See U.S. presidential election for results from other years.
The year 2000 election for the President of the United States was one of the closest and most controversial Presidential elections in the history of the United States. The election was marked by the extraordinarily close vote in Florida, whose electoral votes determined the election. The counting and recounting of Florida presidential ballots extended for months following the election. In the end, a split decision by the U.S. Supreme Court ended the election, and Texas Governor George W. Bush was elected president, and Vice President Albert Arnold Gore came in second.
The Republican Party primary came down to a race between Bush and Arizona Senator John McCain. McCain's campaign, centered on Campaign finance reform, drew the most press coverage and the greatest popular excitement. Many Republicans complained that Democrats and other non-Republicans enrolled in the party for the express purpose of voting for McCain, thus skewing the results. Bush's campaign focused on compassionate conservatism, including a greater role for the federal government in funding education and large reductions in the income and capital gains tax rates.
McCain won 48% of the vote to Bush's 30% in the New Hampshire primary, the first primary held, giving his campaign a great boost of energy, volunteers, and donations.
Other candidates included: political activist Gary Bauer, businessman Steve Forbes, Utah Senator Orrin Hatch, minister Alan Keyes, former Tennessee Governor Lamar Alexander, former Red Cross director Elizabeth Dole, Ohio Congressman John Kasich, and former Vice President Dan Quayle.
Bauer and Hatch campaigned on a traditional Republican platform of opposition to legalized abortion and reductions in U.S. taxes. Keyes had a far more conservative platform, calling for the elimination of all federal taxes except tariffs. Steve Forbes campaigned on making the federal income tax non-graduated, an idea he called the flat tax.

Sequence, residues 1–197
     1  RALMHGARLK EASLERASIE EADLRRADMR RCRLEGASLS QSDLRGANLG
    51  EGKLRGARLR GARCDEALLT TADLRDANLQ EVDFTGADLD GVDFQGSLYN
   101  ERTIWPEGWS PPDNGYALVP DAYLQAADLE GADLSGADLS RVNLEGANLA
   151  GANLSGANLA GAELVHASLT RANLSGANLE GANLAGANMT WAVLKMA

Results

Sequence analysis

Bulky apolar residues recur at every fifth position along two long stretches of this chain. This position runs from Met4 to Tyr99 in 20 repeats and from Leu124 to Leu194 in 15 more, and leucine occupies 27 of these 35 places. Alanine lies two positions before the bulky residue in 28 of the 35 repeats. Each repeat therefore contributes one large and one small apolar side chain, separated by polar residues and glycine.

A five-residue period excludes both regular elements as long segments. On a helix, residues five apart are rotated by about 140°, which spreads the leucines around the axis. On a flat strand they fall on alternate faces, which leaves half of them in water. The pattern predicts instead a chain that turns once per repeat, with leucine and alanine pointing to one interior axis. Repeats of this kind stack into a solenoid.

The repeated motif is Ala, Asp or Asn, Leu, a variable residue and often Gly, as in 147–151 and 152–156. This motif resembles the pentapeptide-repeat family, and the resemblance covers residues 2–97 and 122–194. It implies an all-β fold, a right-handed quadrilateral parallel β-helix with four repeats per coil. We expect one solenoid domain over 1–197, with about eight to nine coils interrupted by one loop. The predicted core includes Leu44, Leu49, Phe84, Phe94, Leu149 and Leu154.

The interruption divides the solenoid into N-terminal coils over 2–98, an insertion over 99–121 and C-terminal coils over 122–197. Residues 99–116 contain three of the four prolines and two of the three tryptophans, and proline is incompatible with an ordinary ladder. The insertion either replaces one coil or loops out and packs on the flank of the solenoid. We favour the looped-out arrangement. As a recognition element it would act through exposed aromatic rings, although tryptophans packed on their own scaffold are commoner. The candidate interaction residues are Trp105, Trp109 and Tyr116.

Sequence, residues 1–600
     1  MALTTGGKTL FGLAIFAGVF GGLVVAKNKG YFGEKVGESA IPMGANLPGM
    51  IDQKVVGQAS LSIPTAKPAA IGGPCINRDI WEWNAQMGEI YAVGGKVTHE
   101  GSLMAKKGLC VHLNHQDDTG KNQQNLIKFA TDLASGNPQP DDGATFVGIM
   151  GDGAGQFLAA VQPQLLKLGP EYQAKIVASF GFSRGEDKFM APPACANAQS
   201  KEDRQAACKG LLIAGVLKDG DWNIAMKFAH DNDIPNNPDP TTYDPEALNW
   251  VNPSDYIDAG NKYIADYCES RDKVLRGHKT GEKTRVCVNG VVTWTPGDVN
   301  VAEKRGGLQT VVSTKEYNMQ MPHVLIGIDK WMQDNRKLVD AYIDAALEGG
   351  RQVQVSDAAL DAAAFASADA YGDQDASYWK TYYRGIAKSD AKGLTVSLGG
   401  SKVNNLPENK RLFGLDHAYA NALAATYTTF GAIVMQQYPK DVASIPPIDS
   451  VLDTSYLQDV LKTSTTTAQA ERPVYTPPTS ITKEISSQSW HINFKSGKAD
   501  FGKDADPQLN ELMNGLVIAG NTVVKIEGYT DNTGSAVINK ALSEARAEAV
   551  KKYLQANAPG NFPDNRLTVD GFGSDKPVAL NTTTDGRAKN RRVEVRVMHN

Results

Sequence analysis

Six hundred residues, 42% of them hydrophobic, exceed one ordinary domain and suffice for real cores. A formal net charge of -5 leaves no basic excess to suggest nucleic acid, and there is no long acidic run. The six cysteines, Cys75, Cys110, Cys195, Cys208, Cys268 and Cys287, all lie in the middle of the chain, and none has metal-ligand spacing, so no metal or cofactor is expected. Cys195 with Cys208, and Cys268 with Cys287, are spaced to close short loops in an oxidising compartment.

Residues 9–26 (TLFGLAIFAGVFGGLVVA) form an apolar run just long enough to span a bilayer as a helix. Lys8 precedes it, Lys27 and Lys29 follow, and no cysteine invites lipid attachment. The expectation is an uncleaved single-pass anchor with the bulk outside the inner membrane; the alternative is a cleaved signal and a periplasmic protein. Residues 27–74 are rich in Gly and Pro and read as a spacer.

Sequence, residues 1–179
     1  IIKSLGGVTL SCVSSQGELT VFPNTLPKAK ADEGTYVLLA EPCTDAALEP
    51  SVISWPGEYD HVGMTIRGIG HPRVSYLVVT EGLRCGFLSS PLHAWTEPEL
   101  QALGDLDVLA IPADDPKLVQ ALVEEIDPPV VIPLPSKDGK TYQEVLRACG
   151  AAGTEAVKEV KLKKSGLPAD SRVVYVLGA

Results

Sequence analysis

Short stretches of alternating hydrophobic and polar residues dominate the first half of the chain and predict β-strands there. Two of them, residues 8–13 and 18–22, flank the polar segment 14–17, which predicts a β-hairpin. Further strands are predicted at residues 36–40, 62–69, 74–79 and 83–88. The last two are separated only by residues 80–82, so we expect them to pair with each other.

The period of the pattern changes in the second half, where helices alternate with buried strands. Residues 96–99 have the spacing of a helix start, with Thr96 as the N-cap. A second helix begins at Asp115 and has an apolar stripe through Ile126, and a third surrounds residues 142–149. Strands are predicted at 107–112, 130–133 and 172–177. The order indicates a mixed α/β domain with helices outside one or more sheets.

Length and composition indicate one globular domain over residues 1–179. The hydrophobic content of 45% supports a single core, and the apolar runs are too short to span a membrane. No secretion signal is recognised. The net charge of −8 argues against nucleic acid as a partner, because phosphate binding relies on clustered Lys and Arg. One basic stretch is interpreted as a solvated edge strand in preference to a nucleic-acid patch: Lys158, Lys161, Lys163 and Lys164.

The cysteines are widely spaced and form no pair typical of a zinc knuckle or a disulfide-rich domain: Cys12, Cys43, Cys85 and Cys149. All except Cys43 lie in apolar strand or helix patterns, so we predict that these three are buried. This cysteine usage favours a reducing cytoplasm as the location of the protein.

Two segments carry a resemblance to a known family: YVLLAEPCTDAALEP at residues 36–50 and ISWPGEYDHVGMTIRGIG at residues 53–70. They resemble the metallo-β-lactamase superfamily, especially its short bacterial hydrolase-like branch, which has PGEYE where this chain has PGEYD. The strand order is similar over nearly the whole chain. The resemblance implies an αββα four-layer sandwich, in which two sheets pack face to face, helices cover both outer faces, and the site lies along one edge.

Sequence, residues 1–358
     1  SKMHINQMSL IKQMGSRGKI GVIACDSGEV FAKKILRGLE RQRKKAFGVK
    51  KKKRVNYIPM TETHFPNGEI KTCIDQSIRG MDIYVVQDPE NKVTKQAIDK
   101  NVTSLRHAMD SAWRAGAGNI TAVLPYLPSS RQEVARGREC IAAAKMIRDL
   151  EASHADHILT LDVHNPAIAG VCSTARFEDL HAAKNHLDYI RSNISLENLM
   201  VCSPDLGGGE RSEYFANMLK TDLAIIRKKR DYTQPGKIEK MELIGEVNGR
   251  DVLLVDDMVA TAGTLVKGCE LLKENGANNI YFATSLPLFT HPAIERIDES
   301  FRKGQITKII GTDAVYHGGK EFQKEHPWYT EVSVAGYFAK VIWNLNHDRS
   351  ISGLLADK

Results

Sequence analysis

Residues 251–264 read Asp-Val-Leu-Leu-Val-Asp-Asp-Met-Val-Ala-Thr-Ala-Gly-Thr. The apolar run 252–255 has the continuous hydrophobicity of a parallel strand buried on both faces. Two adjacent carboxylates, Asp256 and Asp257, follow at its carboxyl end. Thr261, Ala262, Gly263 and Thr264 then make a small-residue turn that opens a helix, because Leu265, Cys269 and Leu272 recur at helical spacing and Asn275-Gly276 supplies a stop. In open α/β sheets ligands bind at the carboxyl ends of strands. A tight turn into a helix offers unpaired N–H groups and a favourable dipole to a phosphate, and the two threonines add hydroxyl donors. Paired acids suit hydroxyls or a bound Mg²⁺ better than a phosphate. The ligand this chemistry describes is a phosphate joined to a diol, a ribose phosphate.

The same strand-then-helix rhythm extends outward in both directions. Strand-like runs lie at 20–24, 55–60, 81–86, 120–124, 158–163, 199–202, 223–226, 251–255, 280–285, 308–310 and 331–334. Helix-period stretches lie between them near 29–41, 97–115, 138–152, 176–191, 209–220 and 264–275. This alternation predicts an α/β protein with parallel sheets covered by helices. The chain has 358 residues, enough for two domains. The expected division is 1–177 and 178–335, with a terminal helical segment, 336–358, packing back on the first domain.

Minor Party Candidates
There were five other candidates on the majority of the 51 ballots (50 states plus the District of Columbia): Harry Browne (Libertarian, 50), Pat Buchanan (Reform, 49), Ralph Nader (Green, 44), Howard Phillips (Constitution, 41), and John Hagelin (Natural Law, 38).
Nader's candidacy was the most successful, drawing 2.74% of the popular vote. His campaign was marked by a travelling tour of "super-rallies"; large rallies held in sports arenas like Madison Square Garden, MC-ed by film-maker Michael Moore. After initially ignoring Nader, the Gore campaign made a big publicity pitch to (potential) Nader supporters in the final weeks of the campaign, on the grounds that Gore's ideas were more similar to Nader's ideas than Bush's were, but Gore had a better chance of winning than Nader. In the aftermath of the campaign, many Gore supporters blamed Nader for drawing enough would-be Gore votes to push Bush over Gore.
Buchanan's primary battle was especially vicious. In 1992 and 1996, the Reform party had nominated Ross Perot for president, and Buchanan had run for (and lost) the nomination of the Republican Party. Some Reform Party supporters therefore felt that Buchanan was highjacking their party, and tried to nominate Hagelin. The convention ended with the Hagelin supporters walking out and conducting their own parallel convention. Which group was the true Reform Party (and thus entitled to public financing due to their strong showing in the previous election) was decided by lawsuit.
Florida election results
The national television networks called Florida for Gore, then Bush, then announcing it too close to call.
Butterfly ballot. Hanging and pregnant chads.
Military and non-military.
U.S. Supreme Court
Media post-electoral studies
Adapted from http://fecweb1.fec.gov/pubrec/2000presgeresults.htm, a government document.
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CHART 3 OF 3
|Write-in (Miscellaneous)||None of these candidates||Total votes case||Electoral vote, Bush||Electoral vote, Gore|
Notes on results
** 138,216 Miscellaneous write-in, blank and void votes were compiled as one total. This figure is not included in Total Votes Cast.
#Write-in votes for Presidential candidates not permitted.
##The District of Columbia has 3 electoral votes. There was 1 abstention.
Total Electoral Vote = 538
Total Electoral Vote Needed to Elect = 270
- /Results (Full results)